BIOMIMETIC SCAFFOLDS FOR LIGAMENT TISSUE ENGINEERING
MetadataShow full item record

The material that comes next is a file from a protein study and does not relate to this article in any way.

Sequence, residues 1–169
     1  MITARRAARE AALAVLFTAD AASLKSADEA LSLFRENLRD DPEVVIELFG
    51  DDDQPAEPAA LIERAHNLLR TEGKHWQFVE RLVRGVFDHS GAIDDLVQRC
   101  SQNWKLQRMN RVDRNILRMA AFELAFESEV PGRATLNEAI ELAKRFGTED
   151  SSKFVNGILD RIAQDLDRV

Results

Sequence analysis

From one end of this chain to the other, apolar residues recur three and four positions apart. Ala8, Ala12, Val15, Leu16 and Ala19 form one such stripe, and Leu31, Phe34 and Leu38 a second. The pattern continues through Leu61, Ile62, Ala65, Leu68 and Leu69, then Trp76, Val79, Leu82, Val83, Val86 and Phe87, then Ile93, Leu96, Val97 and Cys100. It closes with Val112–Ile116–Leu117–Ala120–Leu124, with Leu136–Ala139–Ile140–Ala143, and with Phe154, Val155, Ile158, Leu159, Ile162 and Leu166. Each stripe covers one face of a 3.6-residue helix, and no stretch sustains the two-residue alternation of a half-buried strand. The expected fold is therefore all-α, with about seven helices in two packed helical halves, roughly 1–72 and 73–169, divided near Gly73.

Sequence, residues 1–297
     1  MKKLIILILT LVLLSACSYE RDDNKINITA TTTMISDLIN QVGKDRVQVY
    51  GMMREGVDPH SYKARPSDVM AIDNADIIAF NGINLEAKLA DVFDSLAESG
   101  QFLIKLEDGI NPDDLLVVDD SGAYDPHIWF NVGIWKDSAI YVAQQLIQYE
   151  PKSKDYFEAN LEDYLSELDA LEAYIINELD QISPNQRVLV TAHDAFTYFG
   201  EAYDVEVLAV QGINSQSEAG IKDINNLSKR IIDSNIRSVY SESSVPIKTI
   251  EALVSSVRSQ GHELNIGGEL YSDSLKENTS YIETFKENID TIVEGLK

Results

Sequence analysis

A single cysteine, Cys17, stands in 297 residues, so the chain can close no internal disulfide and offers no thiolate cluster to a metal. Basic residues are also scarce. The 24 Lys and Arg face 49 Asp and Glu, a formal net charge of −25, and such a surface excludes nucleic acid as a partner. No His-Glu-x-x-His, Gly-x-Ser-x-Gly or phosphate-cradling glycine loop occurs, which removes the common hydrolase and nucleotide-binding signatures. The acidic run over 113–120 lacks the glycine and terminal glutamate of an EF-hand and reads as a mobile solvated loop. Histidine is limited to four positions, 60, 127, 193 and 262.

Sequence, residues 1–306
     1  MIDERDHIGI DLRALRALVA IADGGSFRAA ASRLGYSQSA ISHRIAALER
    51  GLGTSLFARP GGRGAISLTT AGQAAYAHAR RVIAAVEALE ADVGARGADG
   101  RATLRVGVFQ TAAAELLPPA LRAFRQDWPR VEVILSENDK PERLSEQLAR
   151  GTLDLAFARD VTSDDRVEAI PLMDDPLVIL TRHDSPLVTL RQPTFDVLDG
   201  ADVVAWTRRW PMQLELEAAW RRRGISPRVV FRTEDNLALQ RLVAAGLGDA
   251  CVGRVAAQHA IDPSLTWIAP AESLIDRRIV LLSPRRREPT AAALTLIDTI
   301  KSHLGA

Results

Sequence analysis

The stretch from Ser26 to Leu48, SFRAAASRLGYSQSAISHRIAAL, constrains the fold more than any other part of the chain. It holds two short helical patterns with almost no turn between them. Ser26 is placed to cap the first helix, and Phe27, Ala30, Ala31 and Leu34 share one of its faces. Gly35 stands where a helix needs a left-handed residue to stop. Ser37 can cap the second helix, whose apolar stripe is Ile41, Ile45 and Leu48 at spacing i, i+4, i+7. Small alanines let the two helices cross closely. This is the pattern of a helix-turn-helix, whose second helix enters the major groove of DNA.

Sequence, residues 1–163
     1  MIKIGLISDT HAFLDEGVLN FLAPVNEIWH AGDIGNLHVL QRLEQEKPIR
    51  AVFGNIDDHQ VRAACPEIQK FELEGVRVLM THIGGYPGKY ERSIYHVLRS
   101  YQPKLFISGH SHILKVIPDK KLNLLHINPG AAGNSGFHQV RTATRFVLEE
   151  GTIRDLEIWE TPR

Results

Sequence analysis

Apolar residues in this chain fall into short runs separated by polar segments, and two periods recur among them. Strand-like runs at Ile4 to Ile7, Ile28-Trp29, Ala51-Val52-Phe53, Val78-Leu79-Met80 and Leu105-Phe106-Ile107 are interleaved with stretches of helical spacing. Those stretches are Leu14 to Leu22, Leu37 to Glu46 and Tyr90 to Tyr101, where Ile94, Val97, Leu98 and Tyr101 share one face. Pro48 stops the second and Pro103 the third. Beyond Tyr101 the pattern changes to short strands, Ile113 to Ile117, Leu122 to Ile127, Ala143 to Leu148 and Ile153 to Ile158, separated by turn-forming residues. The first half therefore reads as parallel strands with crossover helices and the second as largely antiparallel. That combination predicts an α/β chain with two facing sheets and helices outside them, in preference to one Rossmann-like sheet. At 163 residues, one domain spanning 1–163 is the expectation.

The primary objective of my thesis was to investigate the effect of crimp-like fibrous scaffolds on bovine fibroblasts and to develop a scaffold for anterior cruciate ligament (ACL) tissue engineering. To achieve this objective, fibrous biodegradable polymeric scaffolds were fabricated, which upon relaxation developed a crimp-like structure, which resembled the crimp seen in native collagen. The understanding of the crimp mechanism allowed for controlling crimp-like patterns in various polymer fibre systems, and was determined to be due to residual stress coupled with an operating temperature (Top) above the glass transition temperature of the polymer (Tg). The benefit of crimp was evaluated by seeding fibroblasts on crimp-like fibres that were subjected to dynamic mechanical loading. The results showed a significant increase in extracellular matrix (ECM) accumulation by fibroblasts that experienced crimp unfolding. In addition, fibroblasts seeded on mechanically stimulated crimp-like fibrous scaffolds formed ECM bundles that resembled collagen fibre fascicles. Two separate studies were conducted to fabricate fibrous scaffolds with high modulus: one on thermoplastic polyesters and the other on a photocrosslinkable polyester. Of the thermoplastic polyesters investigated, poly(L-lactide-co-D,L-lactide) P(LLA-DLLA) exhibited the highest modulus, and was the most resistant to hydrolytic degradation. These fibres were placed in a heated aqueous environment to exhibit a crimp-like pattern similar to that of native collagen. Bovine fibroblasts were shown to attach, proliferate and deposit ECM on the surface of the P(LLA-DLLA) fibrous scaffolds. In addition, the deposited ECM appeared to be organized in distinctive bundles that resembled fascicles found in native ACL. However, upon crimp unfolding the crimp was not completely recovered. Photocrosslinkable poly(L-lactide-co-trimethylene carbonate cinnamate) P(LLA-TMC cinnamate) fibres in addition to supporting cell proliferation and ECM accumulation, completely recovered their crimp-like pattern, via [2 + 2] cycloaddition of the cinnamate groups. The recovery of crimp upon unfolding is a novel design feature incorporated into electrospun fibres as it innately mimics the function of collagen fibres found in the ACL. From the results obtained it is evident that crimp and its unfolding are key design features/conditioning techniques that need to be incorporated into fibrous scaffolds that possess high modulus, intended for ligament tissue engineering.